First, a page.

For several weeks now, the Enfactor podcast blog has focused on the creative problem-solving process. This post marks the final installment in the six-part series. In the previous posts, I made a case for the importance of creative problem-solving in the entrepreneurial journey and outlined four of the five steps: gathering raw material, the mental digestive process, the role of incubation and the illumination of a meaningful solution. As you know if you have been following the series, the process that I am sharing in this series was outlined by James Webb Young in his book, A Technique for Producing Ideas. In previous posts, readers interested in enhancing creative problem-solving skills were encouraged to adopt a curious and open mindset that leads to seeking out information that is both specific to the problem and general in nature, to use a journal to keep track of ideas and information gathered through that process and to find ways to disconnect from the problem through exercise, meditation or other activities that allow for an uncluttered mind. The work of these first three steps may then lead to the illumination of a meaningful solution.
While the goal of the creative problem-solving process is quite obviously to get to a solution, the “aha” moment is not the final step in this process. In fact, when the proverbial light bulb is illuminated, there are quite often many aspects of the solution that were hidden. As Webb Young points out, this stage “might be called the cold, gray dawn of the morning after. In this stage you have to take your little idea out into the world of reality.” So, in order to ensure the solution is viable, it is critical that we get input. This is the fifth and final stage of the process and is often referred to as the evaluation stage.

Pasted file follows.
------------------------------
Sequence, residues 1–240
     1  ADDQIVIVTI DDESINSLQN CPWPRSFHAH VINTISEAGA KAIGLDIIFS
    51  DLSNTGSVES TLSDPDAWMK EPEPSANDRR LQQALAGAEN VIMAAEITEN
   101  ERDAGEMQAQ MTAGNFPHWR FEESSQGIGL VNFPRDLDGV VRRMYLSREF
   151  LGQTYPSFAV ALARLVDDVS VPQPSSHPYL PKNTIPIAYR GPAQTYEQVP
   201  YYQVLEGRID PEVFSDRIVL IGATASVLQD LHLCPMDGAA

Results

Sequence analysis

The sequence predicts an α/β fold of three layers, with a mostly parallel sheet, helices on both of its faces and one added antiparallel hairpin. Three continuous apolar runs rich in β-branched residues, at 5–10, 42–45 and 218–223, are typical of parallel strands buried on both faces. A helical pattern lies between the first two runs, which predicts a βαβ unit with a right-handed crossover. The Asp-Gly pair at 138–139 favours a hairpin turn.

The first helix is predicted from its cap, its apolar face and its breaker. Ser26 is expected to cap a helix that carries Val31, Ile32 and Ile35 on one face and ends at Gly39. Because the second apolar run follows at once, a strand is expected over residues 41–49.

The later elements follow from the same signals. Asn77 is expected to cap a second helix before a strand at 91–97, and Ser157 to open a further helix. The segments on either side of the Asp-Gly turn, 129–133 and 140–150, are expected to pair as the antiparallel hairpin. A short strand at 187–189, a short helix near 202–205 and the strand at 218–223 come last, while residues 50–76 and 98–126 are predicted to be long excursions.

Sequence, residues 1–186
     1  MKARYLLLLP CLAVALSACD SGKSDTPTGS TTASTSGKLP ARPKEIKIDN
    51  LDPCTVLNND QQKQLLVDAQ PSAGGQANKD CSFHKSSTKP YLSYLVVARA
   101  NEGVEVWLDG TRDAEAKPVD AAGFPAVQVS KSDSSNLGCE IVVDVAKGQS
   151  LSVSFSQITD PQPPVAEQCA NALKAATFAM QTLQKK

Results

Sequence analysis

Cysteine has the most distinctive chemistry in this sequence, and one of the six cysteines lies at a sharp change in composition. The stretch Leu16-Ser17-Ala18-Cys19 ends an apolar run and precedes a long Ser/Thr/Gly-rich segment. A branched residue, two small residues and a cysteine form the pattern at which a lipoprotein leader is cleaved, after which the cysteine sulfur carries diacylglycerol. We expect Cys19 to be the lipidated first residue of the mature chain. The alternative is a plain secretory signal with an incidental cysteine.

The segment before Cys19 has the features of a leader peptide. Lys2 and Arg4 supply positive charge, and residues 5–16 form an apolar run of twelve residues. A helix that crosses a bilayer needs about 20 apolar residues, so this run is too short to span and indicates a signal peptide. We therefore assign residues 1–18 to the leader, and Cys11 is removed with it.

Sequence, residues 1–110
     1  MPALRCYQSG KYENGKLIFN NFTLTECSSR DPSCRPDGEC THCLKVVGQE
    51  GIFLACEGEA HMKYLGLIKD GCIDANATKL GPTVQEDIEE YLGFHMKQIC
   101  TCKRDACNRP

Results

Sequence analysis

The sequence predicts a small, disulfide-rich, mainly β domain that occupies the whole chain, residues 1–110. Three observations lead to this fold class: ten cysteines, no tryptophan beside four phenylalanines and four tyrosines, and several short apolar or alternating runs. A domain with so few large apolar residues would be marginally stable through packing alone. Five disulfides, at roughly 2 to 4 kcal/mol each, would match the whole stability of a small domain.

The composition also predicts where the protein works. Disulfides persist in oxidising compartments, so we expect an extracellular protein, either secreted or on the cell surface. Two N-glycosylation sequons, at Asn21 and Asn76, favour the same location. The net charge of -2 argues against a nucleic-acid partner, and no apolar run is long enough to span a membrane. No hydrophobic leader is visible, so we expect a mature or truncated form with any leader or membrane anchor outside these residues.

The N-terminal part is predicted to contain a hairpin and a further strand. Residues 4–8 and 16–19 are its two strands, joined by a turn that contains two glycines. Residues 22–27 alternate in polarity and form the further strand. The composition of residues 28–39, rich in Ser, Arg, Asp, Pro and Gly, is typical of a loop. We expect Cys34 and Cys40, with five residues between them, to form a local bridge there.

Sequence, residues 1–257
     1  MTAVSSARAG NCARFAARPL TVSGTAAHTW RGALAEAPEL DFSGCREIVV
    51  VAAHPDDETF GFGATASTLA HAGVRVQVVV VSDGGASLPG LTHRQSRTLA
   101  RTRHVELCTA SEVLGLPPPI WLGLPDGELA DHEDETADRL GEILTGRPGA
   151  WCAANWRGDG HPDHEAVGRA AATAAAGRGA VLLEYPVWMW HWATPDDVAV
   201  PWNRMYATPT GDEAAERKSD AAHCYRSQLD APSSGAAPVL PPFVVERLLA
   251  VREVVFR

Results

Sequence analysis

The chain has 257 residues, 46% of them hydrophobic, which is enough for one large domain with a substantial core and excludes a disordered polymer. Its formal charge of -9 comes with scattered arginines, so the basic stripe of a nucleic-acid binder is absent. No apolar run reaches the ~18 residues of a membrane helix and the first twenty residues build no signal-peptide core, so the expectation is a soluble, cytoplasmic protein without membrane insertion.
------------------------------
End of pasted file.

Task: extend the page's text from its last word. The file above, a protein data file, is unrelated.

One of the world’s thought leaders on creativity is Hungarian-American psychologist, Mihaly Csikszentmihalyi. His work on creativity and the psychology of discovery has been an important addition to not only my own library but to the books I require my students to read in their study of creativity. While one of his most important contributions is the concept of flow, a powerful state of mind where creativity is optimized, he also made significant contributions to our understanding of the process of making meaningful contributions in his book, Creativity: Flow and the Psychology of Discovery and Invention. Because my students are interested in how to create new products, services and companies that can have value in the marketplace, I make this book a required reading for them.